At first, I floundered with my ideas. I’ve long had trouble coming up with original ideas. For some writers this part of the process comes easily to them and they are faced with the enviable problem of too many ideas and not enough time. But for me ideas have been a struggle. I’m great at characterization and description. Plot? Not so much. But I find the more I write, the easier it becomes, because writing really is a subconscious journey. I’m thinking about ideas when I am taking a shower, or going for a run, or I see something happen in the street. When I sit down to write about it every day, those ideas flow to the surface more consistently.
I never thought I had time to write every day, so I would save my writing for the weekends. But the truth was, I just had anxiety about writing and procrastinated on it. Maybe it’s true that I have more time than a writer who is a parent. I don’t have kids. But I work 8-5 Monday to Friday. Pre-quarantine, I commuted, meaning I lost 6:30 a.m. to 6:15 p.m. of my day to driving and working the day job. But I still had all evening and all morning to write. If I went to bed at 10 p.m., I still had four hours to write, excluding dinner and exercising and relaxing. Or I could wake up at 4 or 5 a.m., and I would still have two hours to write.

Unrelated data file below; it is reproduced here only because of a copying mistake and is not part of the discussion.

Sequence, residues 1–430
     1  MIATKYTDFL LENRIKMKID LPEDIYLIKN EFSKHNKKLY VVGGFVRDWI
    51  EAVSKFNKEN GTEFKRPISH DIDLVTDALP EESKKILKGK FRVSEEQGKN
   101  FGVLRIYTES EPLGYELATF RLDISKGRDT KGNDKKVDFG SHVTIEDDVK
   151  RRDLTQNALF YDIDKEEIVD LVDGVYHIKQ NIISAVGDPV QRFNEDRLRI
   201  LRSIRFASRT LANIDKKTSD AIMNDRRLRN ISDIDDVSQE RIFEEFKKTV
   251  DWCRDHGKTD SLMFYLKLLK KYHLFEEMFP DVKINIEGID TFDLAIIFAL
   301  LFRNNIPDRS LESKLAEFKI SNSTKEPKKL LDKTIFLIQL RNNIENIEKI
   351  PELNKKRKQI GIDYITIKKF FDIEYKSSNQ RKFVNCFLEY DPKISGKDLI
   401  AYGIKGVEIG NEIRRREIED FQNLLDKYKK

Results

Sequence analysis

But I realized that if I had time for social media, I have time to write. Social media is deceptively alluring. You may think it only takes a couple of minutes to fire off a tweet or a Facebook post. But then you will spend an hour checking your notifications to see if anyone responded. If it goes viral, you will respond to comments. If it gets ignored, you will still scroll down the vast wasteland of the feed, and reply mindlessly to other people’s posts. I can easily spend 2-5 hours a day on social media, endlessly scrolling. I would rather spend that time writing, and actively tapping into my subconscious brain.
So that’s my renewed commitment at this mid-way point of the year. Writing every day, writing more short stories, and spending the next six months on WWII research. I am one submission away from an acceptance, after all. Can’t quit just because of fear.